Nov 23, 2017

Grant finalist start good

Start Some Good was founded in 2011 with the aim of specialising in social change projects and helping idea generators bridge the funding gap.

The opportunity for female empowerment was evident, with 72% of social enterprises in Australia being founded by women with only 2% of venture capital globally, going to those enterprises. This made the team at Start Some Good, and in particular Western Sydney-based Natalie Wadwell… well pissed.

Start Some Good saw a great opportunity and launched Pitch For Good, a live pitch event series showcasing some of the best emerging social entrepreneurs in Australia while helping them launch crowd funding campaigns to maximise the funds they can raise to grow their impact. Their idea is that women need an opportunity and they can line it up and make it happen (something we know all too well here!).

As one of the seven finalists of our Female Empowerment Grant, we sat down with Natalie to hear more… 

What are the values of Start Some Good?

At Start Some Good we believe anyone can create social change, which is why we are dedicated to not limiting ourselves by geography or a person’s business structure.

The idea could be a for profit social enterprise, a not for profit, or have no structure at all and just be a group that wants to start a really great project in their community. We dedicate ourselves to helping everyone through that process.

I think it’s that commitment to the idea that anyone can be a change-maker.

What does female empowerment mean to you? 

For me, female empowerment is about providing someone with the tools or the knowledge to actually go and do things themselves.

Part my role daily is to check in with online support – so that could be women who are coming online and saying “I want to do a crowd funding campaign, here’s the draft, what do you think?” and it’s my job to provide them with tailored feedback specific to their campaign to make it as strong as possible. It’s part of my role to help them communicate and help them build that strong storytelling focus for their project.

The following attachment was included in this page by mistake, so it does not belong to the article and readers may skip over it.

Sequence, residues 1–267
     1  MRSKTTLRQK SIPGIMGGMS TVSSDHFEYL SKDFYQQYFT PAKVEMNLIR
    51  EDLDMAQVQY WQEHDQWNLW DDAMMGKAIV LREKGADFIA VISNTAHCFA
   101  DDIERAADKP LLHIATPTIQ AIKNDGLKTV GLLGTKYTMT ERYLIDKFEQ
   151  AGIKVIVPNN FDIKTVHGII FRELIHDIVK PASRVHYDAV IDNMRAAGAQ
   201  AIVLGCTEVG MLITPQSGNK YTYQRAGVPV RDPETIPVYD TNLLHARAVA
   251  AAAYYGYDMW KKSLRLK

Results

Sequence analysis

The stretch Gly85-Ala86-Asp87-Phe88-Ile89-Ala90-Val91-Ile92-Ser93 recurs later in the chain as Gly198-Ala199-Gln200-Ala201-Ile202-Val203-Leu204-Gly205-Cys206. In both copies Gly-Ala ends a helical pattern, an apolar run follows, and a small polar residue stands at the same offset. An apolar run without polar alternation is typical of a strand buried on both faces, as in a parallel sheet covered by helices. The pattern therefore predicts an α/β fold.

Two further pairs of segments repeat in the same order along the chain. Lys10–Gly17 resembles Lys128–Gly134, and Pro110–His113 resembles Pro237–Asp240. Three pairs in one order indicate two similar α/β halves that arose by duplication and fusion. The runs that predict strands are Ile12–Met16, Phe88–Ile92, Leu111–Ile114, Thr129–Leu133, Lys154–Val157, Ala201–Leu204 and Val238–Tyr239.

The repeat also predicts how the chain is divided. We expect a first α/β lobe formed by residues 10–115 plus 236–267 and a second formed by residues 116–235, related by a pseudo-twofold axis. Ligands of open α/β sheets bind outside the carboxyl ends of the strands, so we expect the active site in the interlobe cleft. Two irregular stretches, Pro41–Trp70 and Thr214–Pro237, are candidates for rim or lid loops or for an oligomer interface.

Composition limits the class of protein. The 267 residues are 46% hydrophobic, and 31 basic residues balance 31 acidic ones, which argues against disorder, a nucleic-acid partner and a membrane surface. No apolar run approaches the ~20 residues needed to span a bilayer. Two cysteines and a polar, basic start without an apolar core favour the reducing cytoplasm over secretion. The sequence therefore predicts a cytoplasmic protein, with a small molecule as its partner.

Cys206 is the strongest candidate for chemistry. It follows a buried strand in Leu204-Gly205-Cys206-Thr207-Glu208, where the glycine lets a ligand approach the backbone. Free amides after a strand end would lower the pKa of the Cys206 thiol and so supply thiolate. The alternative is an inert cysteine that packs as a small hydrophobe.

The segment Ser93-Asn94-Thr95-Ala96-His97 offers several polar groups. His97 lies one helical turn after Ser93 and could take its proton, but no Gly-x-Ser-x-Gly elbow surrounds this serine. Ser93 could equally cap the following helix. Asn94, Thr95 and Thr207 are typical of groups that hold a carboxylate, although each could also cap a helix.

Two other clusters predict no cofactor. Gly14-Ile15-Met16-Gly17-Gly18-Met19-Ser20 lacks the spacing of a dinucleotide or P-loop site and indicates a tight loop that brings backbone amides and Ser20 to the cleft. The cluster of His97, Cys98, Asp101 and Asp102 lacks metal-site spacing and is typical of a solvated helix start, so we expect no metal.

Our event Pitch For Good targets female founders and focuses on that empowerment. We’re giving them the platform, the awareness and the audience to promote their message as well as give them workshops for improve skills in community building, fundraising and digital marketing strategy.

These are skills they can take throughout their business lifetime and also have that extra platform and audience to promote their message to.

Tell us more about Pitch For Good…?

Pitch For Good brings together the excitement of live pitch event with the added benefit of the digital crowdfunding platform so it really means we capture energy in the room and go beyond traditional pitch events. It goes beyond your graphical boundaries to promote their message and their brand around the country.

Hopefully 100 female founders come through the workshop program and we’ll will take six of them through to Pitch For Good and help them get the money they need to kick start their ideas!

Why did you get involved, specifically in our Female Empowerment Grant?

I really wanted to get involved in the Grant, because I personally know the struggles that females have trying to get a social enterprise off the ground.